(WHTM) — On May 9, 100 years ago, the International Astronomical Union adopted an “industry standard” for categorizing stars. Its creator was a Harvard “computer” named Annie Jump Cannon.

Cannon was born in Delaware in 1863. Early on, she had an interest in the stars. Her mother encouraged her in her interests. She studied science at Wellesley College, graduating (as valedictorian) with a degree in physics.

In 1896, she joined the “Harvard Computers” and “Pickering’s Women.” Hired by Edward Pickering, head of the Harvard College Observatory, they were the “Hidden Figures” of their time. Their job was to study spectrographs of stars photographed with the observatory telescope, classify, and catalog them. It was tedious, painstaking work (and still is, even with modern computers).

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At the time she started at the observatory, though, how to classify the stars was a bit of an issue. Two of the computers had created competing methodologies. The classification system devised by Williamina Fleming was based on measuring hydrogen lines in the spectrograph. Antonia Maury developed a system using helium lines. Both systems had a number of classes.

Annie Jump Cannon devised a system that combined the best elements of both. In addition she simplified the classification system, creating a system with just seven classes of stars, starting with O, the hottest, B, A, F, G, K, and M, the coolest. (In case you’re wondering, our sun is a Class G.) It was this method of spectral classification that was officially adopted by the International Astronomical Union on May 9, 1922, and is still used today.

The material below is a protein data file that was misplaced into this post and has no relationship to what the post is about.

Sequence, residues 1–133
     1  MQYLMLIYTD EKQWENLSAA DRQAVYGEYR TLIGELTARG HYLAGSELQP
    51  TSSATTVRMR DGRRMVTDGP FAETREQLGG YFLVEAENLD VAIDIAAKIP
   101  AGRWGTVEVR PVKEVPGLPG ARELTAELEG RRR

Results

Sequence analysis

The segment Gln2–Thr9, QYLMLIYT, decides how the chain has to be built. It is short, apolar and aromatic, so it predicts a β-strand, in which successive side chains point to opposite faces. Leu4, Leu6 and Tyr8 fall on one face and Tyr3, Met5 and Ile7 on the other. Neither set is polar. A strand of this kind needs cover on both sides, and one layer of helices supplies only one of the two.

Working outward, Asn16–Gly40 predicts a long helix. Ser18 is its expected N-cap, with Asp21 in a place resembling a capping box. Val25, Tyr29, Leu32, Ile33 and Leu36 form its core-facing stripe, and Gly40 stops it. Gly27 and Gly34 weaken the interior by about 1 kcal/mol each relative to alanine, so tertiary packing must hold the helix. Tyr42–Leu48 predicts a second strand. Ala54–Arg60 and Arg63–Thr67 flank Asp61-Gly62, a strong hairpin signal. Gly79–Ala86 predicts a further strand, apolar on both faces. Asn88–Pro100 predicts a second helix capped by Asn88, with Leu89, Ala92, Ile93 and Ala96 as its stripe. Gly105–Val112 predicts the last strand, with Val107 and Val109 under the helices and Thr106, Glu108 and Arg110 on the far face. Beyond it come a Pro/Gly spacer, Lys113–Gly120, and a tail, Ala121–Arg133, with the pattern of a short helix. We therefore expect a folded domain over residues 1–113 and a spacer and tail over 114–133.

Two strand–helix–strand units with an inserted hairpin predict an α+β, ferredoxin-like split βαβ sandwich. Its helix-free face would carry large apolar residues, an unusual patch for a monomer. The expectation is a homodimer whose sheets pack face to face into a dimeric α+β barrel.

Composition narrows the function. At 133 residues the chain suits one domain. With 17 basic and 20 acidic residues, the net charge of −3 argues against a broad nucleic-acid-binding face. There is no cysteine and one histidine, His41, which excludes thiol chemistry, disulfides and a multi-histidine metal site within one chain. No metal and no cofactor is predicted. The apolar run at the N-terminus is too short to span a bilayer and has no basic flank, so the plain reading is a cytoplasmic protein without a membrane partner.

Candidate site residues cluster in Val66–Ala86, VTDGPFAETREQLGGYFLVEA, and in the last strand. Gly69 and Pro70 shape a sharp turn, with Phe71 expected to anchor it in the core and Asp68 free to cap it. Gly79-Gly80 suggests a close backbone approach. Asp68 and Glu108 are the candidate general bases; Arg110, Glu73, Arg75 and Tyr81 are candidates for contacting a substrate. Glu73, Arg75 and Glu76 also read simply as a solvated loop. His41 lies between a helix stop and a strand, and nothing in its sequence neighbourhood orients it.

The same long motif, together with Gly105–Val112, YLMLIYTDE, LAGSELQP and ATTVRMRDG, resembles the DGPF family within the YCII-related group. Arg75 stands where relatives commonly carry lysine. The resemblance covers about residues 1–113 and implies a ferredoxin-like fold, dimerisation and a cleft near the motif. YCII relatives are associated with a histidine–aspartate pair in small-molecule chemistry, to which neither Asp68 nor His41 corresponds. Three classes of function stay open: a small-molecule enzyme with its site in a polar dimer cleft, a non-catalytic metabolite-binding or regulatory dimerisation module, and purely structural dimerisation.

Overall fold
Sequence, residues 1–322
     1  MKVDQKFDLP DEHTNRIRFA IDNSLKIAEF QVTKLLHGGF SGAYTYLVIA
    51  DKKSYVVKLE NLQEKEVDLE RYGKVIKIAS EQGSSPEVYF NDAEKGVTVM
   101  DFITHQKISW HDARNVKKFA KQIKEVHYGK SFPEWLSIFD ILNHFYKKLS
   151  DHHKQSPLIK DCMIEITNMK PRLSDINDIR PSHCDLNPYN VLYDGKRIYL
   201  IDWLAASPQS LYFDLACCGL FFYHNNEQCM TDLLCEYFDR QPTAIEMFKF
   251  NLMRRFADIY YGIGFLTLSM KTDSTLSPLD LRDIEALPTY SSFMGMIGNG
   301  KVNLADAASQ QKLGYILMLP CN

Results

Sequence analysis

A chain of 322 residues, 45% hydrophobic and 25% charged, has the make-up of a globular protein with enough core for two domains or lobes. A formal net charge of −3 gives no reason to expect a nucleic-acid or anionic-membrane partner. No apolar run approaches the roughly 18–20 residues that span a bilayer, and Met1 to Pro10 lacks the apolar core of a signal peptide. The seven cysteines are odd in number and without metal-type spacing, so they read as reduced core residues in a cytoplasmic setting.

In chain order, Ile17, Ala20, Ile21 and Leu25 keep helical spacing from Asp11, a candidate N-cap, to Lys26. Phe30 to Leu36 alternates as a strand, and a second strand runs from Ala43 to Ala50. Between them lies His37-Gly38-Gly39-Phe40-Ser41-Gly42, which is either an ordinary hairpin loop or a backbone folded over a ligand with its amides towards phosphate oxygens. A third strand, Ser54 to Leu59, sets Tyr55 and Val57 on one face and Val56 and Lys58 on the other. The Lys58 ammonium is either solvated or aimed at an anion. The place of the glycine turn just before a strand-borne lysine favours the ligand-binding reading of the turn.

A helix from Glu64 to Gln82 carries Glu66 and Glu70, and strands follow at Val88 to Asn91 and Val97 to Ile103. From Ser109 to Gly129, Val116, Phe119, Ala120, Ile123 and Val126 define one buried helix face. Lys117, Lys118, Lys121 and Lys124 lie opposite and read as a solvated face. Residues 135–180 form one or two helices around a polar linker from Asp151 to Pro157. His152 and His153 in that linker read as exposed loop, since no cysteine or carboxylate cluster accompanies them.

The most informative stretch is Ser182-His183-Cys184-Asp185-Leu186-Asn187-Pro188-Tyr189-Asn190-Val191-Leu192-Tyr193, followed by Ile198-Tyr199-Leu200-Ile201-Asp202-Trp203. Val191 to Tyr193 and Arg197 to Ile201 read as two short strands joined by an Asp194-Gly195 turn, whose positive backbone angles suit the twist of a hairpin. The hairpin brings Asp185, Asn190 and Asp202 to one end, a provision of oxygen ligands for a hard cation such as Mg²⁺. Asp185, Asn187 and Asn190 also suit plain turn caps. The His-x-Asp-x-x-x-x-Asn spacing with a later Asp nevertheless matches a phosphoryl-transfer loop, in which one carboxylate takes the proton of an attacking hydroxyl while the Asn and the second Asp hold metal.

Cannon became known for the phenomenal speed at which she could classify stars. By 1913, she was doing 200 stars an hour, or about three per minute. Over her lifetime she classified about 350,000 stars and discovered 300 variable stars and five novae. She was nicknamed the “Census taker of the sky.”

Over the years Cannon garnered many honors, including becoming the first woman to receive an honorary doctorate from Oxford University in 1925. She was also dedicated to the cause of women’s suffrage. In 1929, the National League of Women Voters listed her as one of the twelve greatest living American women. But it was not until 1938 that she officially became a member of the Harvard faculty when she was named William C. Bond Professor of Astronomy. She retired from the observatory in 1940 but kept coming in and doing research until she died in 1941.

Information in the story was sourced from: Wikipedia, Saturday Evening Post, Britannica.com, Projectcontinua, sdsc.edu, massivesci.com, womenshistory.org, amphilsoc.org, wowstem.org, and St. Andrews UK.